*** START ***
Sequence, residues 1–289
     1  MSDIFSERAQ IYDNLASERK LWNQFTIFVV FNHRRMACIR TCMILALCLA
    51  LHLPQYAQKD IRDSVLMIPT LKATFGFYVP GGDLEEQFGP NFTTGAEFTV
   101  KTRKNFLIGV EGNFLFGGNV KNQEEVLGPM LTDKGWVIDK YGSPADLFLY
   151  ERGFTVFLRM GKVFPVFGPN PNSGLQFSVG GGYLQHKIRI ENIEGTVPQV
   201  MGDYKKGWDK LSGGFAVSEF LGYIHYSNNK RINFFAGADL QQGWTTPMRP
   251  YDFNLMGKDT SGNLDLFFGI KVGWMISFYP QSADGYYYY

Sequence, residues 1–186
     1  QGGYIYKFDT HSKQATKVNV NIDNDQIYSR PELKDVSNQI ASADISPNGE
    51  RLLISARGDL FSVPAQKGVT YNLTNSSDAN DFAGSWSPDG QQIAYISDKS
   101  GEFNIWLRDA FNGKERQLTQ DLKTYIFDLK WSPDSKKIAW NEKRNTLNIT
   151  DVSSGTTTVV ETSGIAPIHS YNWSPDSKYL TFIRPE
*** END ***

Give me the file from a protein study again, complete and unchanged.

Sequence, residues 1–289
     1  MSDIFSERAQ IYDNLASERK LWNQFTIFVV FNHRRMACIR TCMILALCLA
    51  LHLPQYAQKD IRDSVLMIPT LKATFGFYVP GGDLEEQFGP NFTTGAEFTV
   101  KTRKNFLIGV EGNFLFGGNV KNQEEVLGPM LTDKGWVIDK YGSPADLFLY
   151  ERGFTVFLRM GKVFPVFGPN PNSGLQFSVG GGYLQHKIRI ENIEGTVPQV
   201  MGDYKKGWDK LSGGFAVSEF LGYIHYSNNK RINFFAGADL QQGWTTPMRP
   251  YDFNLMGKDT SGNLDLFFGI KVGWMISFYP QSADGYYYY

Sequence, residues 1–186
     1  QGGYIYKFDT HSKQATKVNV NIDNDQIYSR PELKDVSNQI ASADISPNGE
    51  RLLISARGDL FSVPAQKGVT YNLTNSSDAN DFAGSWSPDG QQIAYISDKS
   101  GEFNIWLRDA FNGKERQLTQ DLKTYIFDLK WSPDSKKIAW NEKRNTLNIT
   151  DVSSGTTTVV ETSGIAPIHS YNWSPDSKYL TFIRPE